Trapeze (1970 album)

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Trapeze
Trapeze (Trapeze album, 1970 - cover art).jpg
Studio album by Trapeze
Released May 1970 (1970-05)
Recorded 1969 at Morgan Studios and Decca Studios (London, England)
Genre
Length 40:11
Label Threshold
Producer John Lodge
Trapeze chronology
Trapeze
(1970)
Medusa
(1970)
Singles from Trapeze
  1. "Send Me No More Letters"
    Released: 1969 (1969)

Trapeze is the self-titled debut studio album by British hard rock band Trapeze. Recorded in 1969 at Morgan Studios and Decca Studios, it was produced by The Moody Blues bassist John Lodge and released in May 1970 as the second album on Threshold Records, a record label founded by Lodge's band. Trapeze is the band's only album to feature founding members John Jones (vocals, trumpet) and Terry Rowley (organ, piano, flute), both of whom left shortly after its release.

Contrary to the band's later material, which was primarily categorised as hard rock, Trapeze has been described by commentators as a progressive or psychedelic rock album, owing partly to the presence of brass instruments and keyboards on the album. Songwriting was typically led by Jones, Galley and Hughes, with Rowley also co-writing two tracks. "Send Me No More Letters" was released as the only single from the album in 1969, backed with fellow album track "Another Day".

Background and release[edit]

Trapeze was formed in March 1969 by former The Montanas members John Jones (vocals, trumpet) and Terry Rowley (organ, guitar, piano, flute), along with former Finders Keepers members Mel Galley (guitar, vocals), Glenn Hughes (bass, piano, vocals) and Dave Holland (drums).[1] The five-piece recorded their self-titled debut album later in the year at London's Morgan Studios and Decca Studios.[2] The recordings were produced by John Lodge, whose band The Moody Blues had earlier signed Trapeze as the first act to their new record label Threshold Records.[3] "Send Me No More Letters" was released as a single in 1969,[4] and Trapeze was released in May 1970.[5] The album was the band's only release to feature Jones and Rowley, both of whom left shortly after its release to return to The Montanas.[6]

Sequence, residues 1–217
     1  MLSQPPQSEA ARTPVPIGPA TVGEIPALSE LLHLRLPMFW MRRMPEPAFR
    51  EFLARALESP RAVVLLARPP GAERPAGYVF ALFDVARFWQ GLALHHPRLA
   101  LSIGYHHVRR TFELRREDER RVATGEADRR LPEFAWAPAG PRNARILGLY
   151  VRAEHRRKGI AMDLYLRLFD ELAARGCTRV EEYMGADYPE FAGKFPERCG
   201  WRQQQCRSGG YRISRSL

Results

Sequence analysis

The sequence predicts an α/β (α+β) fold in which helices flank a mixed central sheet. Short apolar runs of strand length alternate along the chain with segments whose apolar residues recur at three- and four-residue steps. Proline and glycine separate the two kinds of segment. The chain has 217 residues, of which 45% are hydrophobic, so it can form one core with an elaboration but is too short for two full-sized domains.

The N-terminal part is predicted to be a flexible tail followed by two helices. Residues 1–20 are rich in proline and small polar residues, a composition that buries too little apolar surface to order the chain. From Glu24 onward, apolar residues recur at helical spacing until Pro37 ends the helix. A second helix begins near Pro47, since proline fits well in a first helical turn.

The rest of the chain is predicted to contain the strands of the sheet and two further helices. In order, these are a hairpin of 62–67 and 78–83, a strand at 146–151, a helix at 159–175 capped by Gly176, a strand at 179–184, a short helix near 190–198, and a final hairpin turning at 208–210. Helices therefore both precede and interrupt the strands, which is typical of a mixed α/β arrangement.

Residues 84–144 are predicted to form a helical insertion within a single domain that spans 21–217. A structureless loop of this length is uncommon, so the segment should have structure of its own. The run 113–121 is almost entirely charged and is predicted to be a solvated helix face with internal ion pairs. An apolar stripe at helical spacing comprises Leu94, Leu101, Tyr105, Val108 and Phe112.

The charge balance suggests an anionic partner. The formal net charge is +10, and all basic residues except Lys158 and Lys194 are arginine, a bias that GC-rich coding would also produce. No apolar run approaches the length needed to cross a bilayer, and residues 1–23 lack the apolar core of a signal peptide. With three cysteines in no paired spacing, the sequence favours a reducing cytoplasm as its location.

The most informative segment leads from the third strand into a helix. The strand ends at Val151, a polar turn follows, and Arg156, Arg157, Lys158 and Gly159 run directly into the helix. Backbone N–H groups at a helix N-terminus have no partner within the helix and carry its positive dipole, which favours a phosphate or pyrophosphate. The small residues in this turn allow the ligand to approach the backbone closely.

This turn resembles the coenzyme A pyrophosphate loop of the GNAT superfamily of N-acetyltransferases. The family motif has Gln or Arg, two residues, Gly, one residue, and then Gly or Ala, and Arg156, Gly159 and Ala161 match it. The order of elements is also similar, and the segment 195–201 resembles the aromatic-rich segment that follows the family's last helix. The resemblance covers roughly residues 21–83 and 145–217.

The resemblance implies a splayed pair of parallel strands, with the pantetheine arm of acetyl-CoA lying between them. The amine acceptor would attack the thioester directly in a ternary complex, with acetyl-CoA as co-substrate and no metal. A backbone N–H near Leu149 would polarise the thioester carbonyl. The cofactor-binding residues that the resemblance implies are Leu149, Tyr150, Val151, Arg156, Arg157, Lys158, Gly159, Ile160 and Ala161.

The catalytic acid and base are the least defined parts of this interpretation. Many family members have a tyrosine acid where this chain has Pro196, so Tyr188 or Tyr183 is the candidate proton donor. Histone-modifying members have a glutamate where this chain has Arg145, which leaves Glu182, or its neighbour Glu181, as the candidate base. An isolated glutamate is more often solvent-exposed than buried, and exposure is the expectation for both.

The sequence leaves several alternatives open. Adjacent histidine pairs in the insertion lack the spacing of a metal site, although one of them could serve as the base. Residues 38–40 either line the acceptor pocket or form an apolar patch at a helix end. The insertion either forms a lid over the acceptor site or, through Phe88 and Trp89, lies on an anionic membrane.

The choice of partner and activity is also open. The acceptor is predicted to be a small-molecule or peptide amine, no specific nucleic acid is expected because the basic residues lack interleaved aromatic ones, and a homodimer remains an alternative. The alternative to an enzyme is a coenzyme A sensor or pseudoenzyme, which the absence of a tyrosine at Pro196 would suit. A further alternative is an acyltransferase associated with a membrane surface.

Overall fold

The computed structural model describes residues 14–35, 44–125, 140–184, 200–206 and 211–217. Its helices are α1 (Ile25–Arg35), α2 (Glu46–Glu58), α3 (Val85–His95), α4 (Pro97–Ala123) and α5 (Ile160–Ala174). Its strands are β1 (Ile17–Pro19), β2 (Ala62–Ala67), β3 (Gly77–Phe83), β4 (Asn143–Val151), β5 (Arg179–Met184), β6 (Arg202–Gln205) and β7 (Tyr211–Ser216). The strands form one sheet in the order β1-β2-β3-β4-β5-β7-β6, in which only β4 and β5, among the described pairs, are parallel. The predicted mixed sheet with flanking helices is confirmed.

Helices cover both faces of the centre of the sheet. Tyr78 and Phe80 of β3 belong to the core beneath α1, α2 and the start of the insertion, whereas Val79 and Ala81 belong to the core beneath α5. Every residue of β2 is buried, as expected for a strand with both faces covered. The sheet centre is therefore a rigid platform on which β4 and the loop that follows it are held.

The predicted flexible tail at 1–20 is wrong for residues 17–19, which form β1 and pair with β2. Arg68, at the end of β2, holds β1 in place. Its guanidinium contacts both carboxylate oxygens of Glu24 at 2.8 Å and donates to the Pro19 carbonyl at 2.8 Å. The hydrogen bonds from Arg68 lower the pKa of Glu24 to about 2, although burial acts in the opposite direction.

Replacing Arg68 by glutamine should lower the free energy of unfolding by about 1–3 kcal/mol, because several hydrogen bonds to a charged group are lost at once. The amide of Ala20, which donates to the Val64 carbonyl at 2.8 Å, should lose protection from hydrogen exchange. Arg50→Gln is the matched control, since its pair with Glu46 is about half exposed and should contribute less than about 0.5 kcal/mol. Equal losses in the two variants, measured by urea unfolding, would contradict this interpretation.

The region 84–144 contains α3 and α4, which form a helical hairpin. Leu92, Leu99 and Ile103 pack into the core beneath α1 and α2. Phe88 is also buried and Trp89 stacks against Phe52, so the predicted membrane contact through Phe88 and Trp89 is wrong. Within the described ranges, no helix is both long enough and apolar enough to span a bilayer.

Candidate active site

Composition and style[edit]

The material featured on Trapeze was primarily written by Galley, Hughes and Jones – Galley was credited on seven tracks, Hughes and Jones on five each, and Rowley on two.[4] Despite being the band's primary vocalist, Jones only contributed trumpet to the album, with Hughes being credited for all vocals on the release.[4] The style of the album has been described by commentators as a mix between progressive rock, psychedelic rock and pop rock,[4] with AllMusic's Bruce Eder claiming that "Those listeners who only know the subsequent albums by Trapeze may be surprised by this debut effort" due to their later hard rock style.[2] The album was compared stylistically to the work of other British rock acts of the period, including Lodge's band The Moody Blues and Hughes's future group Deep Purple (particularly the first three albums).[2][7] In the liner notes for a 2004 reissue of the album by Lemon Recordings, journalist Nigel Williamson described Trapeze as "a classic period example of English prog, mixing pastoral whimsy, swirling psychedelia, rock guitars and pop harmonies".[4] Similarly, Eder identified that the album featured an array of "lush choruses, psychedelic interludes, and hook-laden romantic ballads", amounting to "high-energy music within the context of psychedelic pop/rock".[2]